While Rajeshwari believes that tech companies should have a bigger role in this fight, and she’s been in touch with WhatsApp, she couldn’t afford to wait for them in this case. “Digital platforms must offer solutions to address this issue and fund research to study the social impact of WhatsApp use and its potential to incite violence,” she says. As Rajeshwari continues her community outreach campaign, she has intensified efforts to educate villagers about pernicious rumors and teach them “self-regulation” when using social media. “We have to have constant vigilance,” she says. “Unless the malicious content is taken down permanently by the tech platforms, their propensity to come back into circulation is quite high.” (WhatsApp did not respond to several requests for comment for this story.) She also met with social media platform ShareChat, opening a profile for the district police, who disseminate clarifying information in the local Telugu language.
With more than 500 million users, India is WhatsApp’s biggest market. At a time when the country is reeling under nationalistic Hindu fervor and fake news is rampant, Rajeshwari’s work is critically important. Suneem Khan, a senior medical officer posted with the Central Reserve Police Force who has known Rajeshwari for years, says, “She is an officer with empathy. She is not a status quo-ist. When faced with an issue like fake news, she evolved her own modules of delivery to deal with it.”
Rajeshwari grew up in a large, multigenerational family but spent much of her time with a grandmother in Munnar in Kerala. In her youth, she dreamed of becoming a “collector” — a British-era term for a district magistrate. Then, “when I joined the National Police Academy in 2009, I just fell in love with it,” she says. A decade on, she still feels lucky she’s able to go out in the field and work in law and order. “Usually, women are relegated to the desk and administrative work.”
Besides combating fake news, Rajeshwari has been instrumental in running campaigns against child brides and for the rescue of child laborers and the rehabilitation of joginis — women “married to a goddess” and then forced into prostitution. “She has decided to take on a hard life for the greater good,” says Lorna Solis, CEO of Blue Rose Compass in New York, who met Rajeshwari when they were both Yale University Greenberg Fellows in 2017.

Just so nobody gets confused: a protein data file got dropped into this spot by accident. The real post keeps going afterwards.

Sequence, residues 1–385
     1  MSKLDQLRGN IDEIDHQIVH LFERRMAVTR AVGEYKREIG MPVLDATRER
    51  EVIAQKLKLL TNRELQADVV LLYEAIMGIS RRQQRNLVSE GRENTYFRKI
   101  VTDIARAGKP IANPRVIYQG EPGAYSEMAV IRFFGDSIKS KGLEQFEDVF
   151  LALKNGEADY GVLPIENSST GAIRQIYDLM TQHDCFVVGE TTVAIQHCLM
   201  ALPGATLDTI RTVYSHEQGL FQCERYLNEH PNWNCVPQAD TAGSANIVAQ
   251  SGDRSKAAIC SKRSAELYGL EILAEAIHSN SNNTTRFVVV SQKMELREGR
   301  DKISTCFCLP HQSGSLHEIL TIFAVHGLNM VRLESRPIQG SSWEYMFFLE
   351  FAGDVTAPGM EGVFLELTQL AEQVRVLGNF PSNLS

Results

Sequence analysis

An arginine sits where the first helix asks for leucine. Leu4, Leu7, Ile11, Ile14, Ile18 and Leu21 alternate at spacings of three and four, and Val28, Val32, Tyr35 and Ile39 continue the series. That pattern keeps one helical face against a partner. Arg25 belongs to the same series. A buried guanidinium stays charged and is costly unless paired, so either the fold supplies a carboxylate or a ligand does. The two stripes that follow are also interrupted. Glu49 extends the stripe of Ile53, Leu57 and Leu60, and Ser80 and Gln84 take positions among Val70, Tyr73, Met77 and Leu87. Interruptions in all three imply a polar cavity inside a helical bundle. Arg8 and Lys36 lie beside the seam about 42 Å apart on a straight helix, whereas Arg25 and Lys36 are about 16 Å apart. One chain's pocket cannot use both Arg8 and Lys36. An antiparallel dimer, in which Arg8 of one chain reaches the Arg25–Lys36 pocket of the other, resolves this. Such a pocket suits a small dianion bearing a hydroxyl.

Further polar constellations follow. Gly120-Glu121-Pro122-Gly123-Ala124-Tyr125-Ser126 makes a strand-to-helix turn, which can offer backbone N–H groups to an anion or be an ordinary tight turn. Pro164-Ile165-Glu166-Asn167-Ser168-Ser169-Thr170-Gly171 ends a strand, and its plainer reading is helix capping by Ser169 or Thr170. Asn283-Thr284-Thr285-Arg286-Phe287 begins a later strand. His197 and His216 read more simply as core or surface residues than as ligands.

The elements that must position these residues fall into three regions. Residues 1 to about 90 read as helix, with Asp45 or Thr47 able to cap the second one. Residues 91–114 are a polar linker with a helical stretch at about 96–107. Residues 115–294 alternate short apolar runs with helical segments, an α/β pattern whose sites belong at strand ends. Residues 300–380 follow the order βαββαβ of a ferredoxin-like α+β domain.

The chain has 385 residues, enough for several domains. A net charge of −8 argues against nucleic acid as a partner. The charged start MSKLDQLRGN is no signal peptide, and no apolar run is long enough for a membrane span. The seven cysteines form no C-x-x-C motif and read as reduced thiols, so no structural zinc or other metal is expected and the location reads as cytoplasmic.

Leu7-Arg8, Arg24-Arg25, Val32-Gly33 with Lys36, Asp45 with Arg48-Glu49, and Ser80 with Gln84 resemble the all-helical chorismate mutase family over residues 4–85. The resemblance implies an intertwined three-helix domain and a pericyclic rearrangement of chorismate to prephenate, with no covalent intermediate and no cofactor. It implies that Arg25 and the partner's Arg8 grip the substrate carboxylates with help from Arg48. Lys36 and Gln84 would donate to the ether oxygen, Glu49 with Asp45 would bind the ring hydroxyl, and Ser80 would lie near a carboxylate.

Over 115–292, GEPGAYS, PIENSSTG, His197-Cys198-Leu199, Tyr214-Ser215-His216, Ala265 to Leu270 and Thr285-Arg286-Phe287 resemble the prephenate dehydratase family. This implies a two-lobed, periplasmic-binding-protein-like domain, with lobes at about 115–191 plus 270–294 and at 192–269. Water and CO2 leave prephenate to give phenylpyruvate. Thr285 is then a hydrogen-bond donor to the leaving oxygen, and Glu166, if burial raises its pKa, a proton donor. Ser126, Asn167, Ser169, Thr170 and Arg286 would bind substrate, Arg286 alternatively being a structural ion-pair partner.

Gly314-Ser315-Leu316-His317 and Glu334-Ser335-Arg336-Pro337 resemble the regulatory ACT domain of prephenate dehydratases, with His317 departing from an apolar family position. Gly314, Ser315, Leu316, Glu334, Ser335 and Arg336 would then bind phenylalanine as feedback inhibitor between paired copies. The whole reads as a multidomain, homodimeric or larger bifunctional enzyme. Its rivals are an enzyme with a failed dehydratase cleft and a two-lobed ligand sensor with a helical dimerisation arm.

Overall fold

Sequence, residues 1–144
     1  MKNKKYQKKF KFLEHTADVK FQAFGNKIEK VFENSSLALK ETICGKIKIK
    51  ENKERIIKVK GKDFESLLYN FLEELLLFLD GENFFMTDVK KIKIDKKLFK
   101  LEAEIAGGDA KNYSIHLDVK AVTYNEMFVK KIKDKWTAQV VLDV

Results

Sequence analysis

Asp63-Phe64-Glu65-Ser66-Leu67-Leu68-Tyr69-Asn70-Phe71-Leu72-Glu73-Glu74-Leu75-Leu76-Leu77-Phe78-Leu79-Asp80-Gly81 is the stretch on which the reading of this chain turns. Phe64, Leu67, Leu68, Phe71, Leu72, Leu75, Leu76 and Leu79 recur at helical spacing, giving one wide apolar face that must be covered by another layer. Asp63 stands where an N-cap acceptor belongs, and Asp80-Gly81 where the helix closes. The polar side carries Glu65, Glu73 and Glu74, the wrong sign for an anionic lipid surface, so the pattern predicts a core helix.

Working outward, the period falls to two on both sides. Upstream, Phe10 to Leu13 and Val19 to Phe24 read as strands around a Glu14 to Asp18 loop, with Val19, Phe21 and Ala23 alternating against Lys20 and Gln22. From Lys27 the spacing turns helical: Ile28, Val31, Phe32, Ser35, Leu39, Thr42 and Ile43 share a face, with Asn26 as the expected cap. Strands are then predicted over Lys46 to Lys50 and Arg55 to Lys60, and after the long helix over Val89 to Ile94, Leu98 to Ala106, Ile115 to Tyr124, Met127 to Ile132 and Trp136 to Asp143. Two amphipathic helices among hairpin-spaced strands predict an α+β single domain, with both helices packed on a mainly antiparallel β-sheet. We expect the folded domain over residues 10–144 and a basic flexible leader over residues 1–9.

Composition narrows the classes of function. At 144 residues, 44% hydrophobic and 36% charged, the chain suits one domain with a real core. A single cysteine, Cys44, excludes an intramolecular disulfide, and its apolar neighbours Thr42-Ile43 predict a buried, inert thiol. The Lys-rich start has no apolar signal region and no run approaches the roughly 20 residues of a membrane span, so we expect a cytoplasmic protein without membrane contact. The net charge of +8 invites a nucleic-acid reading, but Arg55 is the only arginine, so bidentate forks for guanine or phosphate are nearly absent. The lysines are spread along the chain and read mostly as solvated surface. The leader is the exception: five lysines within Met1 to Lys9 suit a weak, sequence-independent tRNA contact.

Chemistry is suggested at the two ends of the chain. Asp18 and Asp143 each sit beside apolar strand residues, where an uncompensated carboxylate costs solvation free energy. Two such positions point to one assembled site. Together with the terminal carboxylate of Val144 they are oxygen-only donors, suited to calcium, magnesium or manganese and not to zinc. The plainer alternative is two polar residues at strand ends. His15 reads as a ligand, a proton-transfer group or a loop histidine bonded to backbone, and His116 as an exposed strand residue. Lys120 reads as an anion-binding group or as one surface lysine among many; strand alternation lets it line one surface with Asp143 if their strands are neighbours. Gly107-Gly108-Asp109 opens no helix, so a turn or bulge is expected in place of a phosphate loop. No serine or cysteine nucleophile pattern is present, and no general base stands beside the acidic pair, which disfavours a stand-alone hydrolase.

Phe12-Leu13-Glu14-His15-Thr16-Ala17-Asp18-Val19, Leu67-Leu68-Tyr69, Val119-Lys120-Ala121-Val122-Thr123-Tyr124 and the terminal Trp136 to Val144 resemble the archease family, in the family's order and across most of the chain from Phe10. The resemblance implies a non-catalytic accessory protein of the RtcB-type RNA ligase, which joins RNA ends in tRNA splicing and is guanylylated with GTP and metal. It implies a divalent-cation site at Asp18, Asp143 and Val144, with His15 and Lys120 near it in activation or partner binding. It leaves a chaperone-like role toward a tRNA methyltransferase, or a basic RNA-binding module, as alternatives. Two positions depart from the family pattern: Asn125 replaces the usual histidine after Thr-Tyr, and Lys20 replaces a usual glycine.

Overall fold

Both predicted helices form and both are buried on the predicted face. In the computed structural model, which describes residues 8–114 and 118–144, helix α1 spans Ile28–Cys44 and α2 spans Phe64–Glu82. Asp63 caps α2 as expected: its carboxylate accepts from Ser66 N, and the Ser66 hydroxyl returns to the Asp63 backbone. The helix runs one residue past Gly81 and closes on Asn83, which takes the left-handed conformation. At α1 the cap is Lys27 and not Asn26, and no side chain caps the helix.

But it’s hard to say whether her fake-news strategies can scale up enough to meet the challenge. “Her efforts are commendable,” says Prakash Singh, a retired IPS officer. “To be able to save 400 villages from violence and murder is really an achievement, but the country needs more such efforts on a large scale. We also need to figure out a way to stop fake news from spreading.” Rajeshwari acknowledges the daunting task at hand — and the fact that she could not even find the source of the videos.
Off the clock, Rajeshwari is “a closeted Broadway fanatic,” according to Solis. Married with a 17-year-old son, she’s also an amateur photographer and poet. As Solis puts it, Rajeshwari is “always questioning and asking the bigger questions.”
With no evidence that the plague of fake news has been contained, the biggest questions now are before the tech companies.
OZY’s 5 Questions With Rema Rajeshwari
- What’s the last book you read? Two books. AI: Its Nature and Future by Margaret A Boden and Rage Becomes Her by Soraya Chemaly.
- What do you worry about? I’m human. I mostly worry about everything.
- What’s the one thing you can’t live without? Reading.
- Who’s your hero? Maya Angelou.
- What’s one item on your bucket list? To travel to at least one country in each continent.
Read more: How Italy is saying ‘Basta’ to fake news.